No Country for Old Men
From the September 13, 2004 issue: Charles McCarry's gray-haired spies take a curtain call.
Sep 13, 2004, Vol. 10, No. 01 • By P.J. O'ROURKE
* The Last Supper (1983)--Bad moral equivalence in the mid-1970s and very bad Nazis in the 1940s.
* Second Sight (1991)--Bad Arabs in the 1980s when we thought they were our friends.
* The Better Angels (1979)--Theft of the 2000 election, although, in this case, by the wrong side.
* Shelley's Heart (1995)--The wrong side gets its comeuppance, betrayed by a bad cabal of lefties.
* Old Boys (2004)--Tired, graying good people save the world.
At any point while pursuing the list above, you can insert The Bride of the Wilderness (1988), set in the late seventeenth and early eighteenth centuries. It provides a full saga-dose of Christopher family origins. The Bride of the Wilderness is a historical romance, not a thriller, and it's McCarry's least thrilling book--too historical, too romantic. But it explores how a noble Paul Christopher sort of chap is begotten. Here McCarry puts flesh on the bones of not only right, wrong, but other dying ideas. He may be the last fiction writer who loves the Establishment--its institutions, traditions, patriotisms, and bloodlines. This isn't a snob love. It's an Edmund Burke, Lord Macaulay, and Michael Oakeshott passion. When we lose history we gain histrionics. "The wholesale death of human beings in Vietnam and the extinction of the blue pike in Lake Erie brought her to the same level of frenzy," McCarry says of a "Movement chick" in The Better Angels. And we know the result when the artificial theatrics are directed by Pol Pot instead of overwrought American coeds.
By the time McCarry wrote Shelley's Heart (which is his most thrilling book), he was examining how the Establishment was dying by its own hand. The novel concerns a too-plausible white-shoe secret society at Yale, devoted to the political notions of that fool Percy Bysshe Shelley. We hear the interior monologue of a prominent Shelleyan: "A frontal assault on the Establishment could never succeed. It must be conquered camp by camp--first academia...then the news media, the churches, and the arts...then a whole new apparatus of special interest groups." Considering that it doesn't exist, this cell of Whiffenpoofs has made a lot of progress.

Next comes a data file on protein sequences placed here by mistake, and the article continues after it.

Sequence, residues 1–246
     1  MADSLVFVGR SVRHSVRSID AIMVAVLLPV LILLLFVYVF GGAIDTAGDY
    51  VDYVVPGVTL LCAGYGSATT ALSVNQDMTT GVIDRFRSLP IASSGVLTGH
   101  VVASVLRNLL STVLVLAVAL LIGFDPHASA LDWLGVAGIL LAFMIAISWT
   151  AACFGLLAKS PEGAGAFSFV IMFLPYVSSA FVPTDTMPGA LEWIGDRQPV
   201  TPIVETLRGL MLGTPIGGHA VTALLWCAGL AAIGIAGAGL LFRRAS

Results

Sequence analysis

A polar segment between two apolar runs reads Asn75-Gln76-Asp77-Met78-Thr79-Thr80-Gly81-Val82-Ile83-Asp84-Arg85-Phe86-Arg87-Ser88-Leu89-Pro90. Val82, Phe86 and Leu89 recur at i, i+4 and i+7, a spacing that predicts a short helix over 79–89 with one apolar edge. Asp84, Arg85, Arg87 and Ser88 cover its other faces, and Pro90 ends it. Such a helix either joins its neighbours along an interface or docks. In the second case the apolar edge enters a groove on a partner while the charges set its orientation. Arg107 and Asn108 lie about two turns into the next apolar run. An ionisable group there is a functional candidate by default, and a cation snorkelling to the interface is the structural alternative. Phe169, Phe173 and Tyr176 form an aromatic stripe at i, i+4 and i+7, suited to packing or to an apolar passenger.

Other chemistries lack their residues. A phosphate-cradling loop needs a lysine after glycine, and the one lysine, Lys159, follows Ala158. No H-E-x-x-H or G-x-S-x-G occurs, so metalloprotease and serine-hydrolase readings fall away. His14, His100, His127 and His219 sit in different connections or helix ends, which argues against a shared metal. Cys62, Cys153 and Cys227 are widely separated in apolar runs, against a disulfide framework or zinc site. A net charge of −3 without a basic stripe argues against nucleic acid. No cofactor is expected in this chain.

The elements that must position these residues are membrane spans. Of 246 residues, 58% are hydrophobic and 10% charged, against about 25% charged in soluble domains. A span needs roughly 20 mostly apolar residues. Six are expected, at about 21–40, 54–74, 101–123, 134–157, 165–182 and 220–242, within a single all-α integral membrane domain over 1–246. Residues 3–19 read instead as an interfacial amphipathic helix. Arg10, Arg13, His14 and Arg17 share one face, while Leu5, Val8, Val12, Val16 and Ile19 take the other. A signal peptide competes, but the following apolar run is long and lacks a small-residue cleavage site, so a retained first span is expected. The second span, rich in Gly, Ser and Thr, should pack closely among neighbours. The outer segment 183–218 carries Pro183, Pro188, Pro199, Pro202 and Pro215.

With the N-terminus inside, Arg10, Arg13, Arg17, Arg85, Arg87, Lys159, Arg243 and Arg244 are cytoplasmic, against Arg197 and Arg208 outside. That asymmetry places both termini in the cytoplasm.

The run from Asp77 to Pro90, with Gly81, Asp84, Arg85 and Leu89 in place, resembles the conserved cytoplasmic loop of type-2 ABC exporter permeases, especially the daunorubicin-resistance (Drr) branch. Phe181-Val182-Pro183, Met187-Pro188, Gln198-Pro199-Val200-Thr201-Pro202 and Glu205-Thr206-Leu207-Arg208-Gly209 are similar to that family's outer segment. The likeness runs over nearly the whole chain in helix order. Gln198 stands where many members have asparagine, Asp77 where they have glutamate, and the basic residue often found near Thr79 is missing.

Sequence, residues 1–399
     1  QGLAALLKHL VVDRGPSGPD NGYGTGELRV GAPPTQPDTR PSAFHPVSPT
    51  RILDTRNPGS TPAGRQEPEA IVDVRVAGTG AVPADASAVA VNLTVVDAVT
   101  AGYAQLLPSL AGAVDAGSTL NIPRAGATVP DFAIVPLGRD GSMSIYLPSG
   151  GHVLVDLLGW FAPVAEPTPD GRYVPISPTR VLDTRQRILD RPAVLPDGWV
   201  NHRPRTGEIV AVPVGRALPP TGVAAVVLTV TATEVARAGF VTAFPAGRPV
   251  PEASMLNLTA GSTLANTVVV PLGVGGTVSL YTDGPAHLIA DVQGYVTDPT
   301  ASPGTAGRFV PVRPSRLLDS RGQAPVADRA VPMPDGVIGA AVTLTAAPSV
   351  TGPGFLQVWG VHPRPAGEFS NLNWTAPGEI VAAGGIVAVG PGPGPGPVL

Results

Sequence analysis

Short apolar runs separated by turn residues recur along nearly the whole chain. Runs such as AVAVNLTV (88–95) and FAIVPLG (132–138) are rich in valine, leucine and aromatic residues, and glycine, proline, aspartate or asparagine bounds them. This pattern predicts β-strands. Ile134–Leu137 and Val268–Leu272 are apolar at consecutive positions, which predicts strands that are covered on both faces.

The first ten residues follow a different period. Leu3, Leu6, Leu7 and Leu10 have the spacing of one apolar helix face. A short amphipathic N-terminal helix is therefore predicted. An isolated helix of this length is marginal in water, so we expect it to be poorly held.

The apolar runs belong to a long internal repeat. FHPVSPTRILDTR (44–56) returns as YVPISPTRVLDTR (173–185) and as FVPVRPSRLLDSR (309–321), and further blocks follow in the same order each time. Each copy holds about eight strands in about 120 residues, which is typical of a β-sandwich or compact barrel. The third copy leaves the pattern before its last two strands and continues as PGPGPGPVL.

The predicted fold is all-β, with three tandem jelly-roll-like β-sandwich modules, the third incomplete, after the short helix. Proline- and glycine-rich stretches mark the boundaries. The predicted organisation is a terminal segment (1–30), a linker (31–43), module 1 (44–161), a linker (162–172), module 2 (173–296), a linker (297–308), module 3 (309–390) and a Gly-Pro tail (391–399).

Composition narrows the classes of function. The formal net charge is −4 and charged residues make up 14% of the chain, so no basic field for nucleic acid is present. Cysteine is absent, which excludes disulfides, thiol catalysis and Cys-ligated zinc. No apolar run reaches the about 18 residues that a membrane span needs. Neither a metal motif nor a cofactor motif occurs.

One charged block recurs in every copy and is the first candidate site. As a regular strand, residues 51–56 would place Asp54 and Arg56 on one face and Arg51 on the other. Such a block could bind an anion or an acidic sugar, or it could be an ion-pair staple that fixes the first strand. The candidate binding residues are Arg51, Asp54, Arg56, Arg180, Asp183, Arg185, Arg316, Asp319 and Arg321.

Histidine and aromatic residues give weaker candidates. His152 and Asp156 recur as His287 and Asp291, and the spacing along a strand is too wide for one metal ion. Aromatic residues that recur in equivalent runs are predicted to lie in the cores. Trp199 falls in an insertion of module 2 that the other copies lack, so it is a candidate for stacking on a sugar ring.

The Shelleyans take as their text the lines from Prometheus Unbound: Man, one harmonious Soul of many a soul, / Whose nature is his own divine control. Again, we know the results of bundling human souls into a facis. And every day we witness the self-selected elite of jerks setting itself up as the supreme being of the universe. This slob god takes the serpent's place in the Garden of Eden and stuffs Adam and Eve with applesauce, calls Moses to the mountaintop and delivers ten thousand commandments about what's sensitive and affirming and what's divisive and hurtful, and pollutes every gospel with the devil's thoughts: "In the beginning there's a word from our sponsor."
And yet, in this one respect, McCarry is a disestablishmentarian. He has no good word for organized religion. None of his major protagonists is a believer in the normal sense. I'd suspect the author of personal atheism if it weren't for his thorough understanding of the Bible and his recurring minor character Martha, a patient, decent Quaker mindful of the "inward light." This modest woman pipes up now and then, always profoundly: "They have made Mr. Nixon stand for evil and they think that all it takes to be virtuous is to hate him. It is the sin of pride."
Also, in theological matters, McCarry has a sense of humor--among faith's greatest blessings. An idea first mentioned in The Miernik Dossier, revisited in other books, and animating the plot of Old Boys is that Jesus was an unwitting tool of the Roman intelligence service with Judas running the covert action that became Christianity. Not that Christ wasn't also the son of God. The joke is on the Romans for their inability to see what the Hell--or Heaven--they were looking at.
McCarry gives one of his favorite characters, a man who in the course of the books becomes head of U.S. intelligence, this opinion: "Reality was poison. Too many people, over too many years, had failed to see the truth to be able to recognize it now." Paul Christopher's second wife thinks "secrets were usually fraudulent and almost always uninteresting." Charles McCarry was himself a CIA agent, under deep cover, in the 1950s, and he knows there are facts that intelligence agencies gather, and then, somewhere else, there is the truth.